Friday, March 8, 2013
New York Times: To Place Graduates, Law Schools Are Opening Firms:
Arizona State is setting up [a nonprofit law firm] this summer for some of its graduates. Over the next few years, 30 graduates will work under seasoned lawyers and be paid for a wide range of services provided at relatively low cost to the people of Phoenix.
The plan is one of a dozen efforts across the country to address two acute — and seemingly contradictory — problems: heavily indebted law graduates with no clients and a vast number of Americans unable to afford a lawyer.
This paradox, fed by the growth of Internet-based legal research and services, is at the heart of a crisis looming over the legal profession after decades of relentless growth and accumulated wealth. It is evident in the sharp drop in law school applications and the increasing numbers of Americans showing up in court without a lawyer....
A dozen law schools, including City University of New York and Thomas Jefferson School of Law in San Diego, have set up incubators to train future solo practitioners in their first year out of school, offering office space and mentors. ...
[T]he incoming president of the ABA, James R. Silkenat, of New York, said his top priority next fall would be to establish a “legal job corps” to match lawyers who need jobs with clients who need legal assistance. “We have these two issues running in opposite directions,” Mr. Silkenat said in an interview. “There are unmet legal needs because of money and geography that seem to be growing, and the question of how to make use of unemployed recent graduates.”
All law schools, including the elites, are increasing skills training by adding clinics and externships. ...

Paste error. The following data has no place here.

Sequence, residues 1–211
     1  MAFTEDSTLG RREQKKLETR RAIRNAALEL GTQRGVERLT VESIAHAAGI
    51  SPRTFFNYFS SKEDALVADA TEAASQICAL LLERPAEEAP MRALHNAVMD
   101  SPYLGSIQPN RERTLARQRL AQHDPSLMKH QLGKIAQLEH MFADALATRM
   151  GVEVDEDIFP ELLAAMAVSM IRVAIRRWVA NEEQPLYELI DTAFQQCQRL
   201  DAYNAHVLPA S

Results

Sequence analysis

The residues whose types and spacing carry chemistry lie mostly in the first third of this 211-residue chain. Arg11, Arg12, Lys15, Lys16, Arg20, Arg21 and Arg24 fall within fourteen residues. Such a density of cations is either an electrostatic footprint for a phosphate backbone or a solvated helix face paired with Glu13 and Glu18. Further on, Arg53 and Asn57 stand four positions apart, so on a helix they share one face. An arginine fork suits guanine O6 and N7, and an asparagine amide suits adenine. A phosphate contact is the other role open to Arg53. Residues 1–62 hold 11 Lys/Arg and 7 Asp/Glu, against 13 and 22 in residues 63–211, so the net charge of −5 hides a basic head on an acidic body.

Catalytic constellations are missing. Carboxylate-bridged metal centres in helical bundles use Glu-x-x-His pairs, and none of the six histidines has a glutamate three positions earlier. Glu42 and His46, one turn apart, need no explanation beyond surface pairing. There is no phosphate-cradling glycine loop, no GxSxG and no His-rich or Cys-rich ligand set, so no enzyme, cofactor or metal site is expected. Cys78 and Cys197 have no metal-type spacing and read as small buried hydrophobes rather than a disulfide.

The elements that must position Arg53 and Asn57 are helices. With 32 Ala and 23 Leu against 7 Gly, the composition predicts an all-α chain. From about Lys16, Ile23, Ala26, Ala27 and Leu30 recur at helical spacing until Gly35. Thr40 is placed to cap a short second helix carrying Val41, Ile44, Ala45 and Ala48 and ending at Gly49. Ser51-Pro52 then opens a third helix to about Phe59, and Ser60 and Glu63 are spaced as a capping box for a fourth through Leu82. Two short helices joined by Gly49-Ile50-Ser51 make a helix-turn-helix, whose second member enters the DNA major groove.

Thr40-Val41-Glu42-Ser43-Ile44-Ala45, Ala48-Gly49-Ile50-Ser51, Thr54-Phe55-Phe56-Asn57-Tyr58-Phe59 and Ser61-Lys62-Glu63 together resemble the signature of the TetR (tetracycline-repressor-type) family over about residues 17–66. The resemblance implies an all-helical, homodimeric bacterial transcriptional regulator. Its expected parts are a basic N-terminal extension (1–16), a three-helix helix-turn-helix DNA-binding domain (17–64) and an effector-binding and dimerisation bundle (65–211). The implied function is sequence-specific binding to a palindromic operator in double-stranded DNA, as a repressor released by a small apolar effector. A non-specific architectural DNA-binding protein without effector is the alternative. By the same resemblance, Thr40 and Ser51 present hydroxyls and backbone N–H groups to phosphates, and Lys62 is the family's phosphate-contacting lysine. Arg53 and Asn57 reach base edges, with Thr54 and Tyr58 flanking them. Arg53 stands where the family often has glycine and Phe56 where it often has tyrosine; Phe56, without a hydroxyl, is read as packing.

Critics [of Arizona State's program] say that $125 an hour is too high to serve those in need and too low to break even. Others say that Phoenix, a city of intense growth and few law students, could support such an operation but that others could not and that local law firms would resent the competition. “We charge $50 an hour, and I don’t take any pay,” said Dennis A. Gladwell, who runs a smaller firm at the University of Utah with a staff of five graduates started 16 months ago. “If you are going to charge $125, you are not going to serve an underserved population.” Mr. Gladwell, who retired as a partner from the big firm of Gibson Dunn & Crutcher, also said that despite having asked top local firms to send along cases they considered too small for themselves, none responded.
- ABA Journal, ‘Teaching Hospital for Law School Graduates’ Is Launching at Arizona State
- Business Insider, Law Schools Are Resorting To A New Strategy To Make Sure Grads Get Jobs
- JD Journal, Law Schools Starting Firms to Help Graduates Get Jobs
- Matt Leichter (Law School Tuition Bubble), Poor People Being Poor Is Not a Paradox
- Kyle McEntee (Law School Transparency), Describing “Law School Firm” Jobs
- Deborah Jones Merritt (Ohio State), Law School Firms
- Kevin Outterson (Boston University), Letter to ABA Section on Legal Education on 'Captive Clinics' (Mar. 8, 2013)
- Matthew Yglesias (Slate), ASU Launching a Law Firm to Employ Unemployable Law School Graduates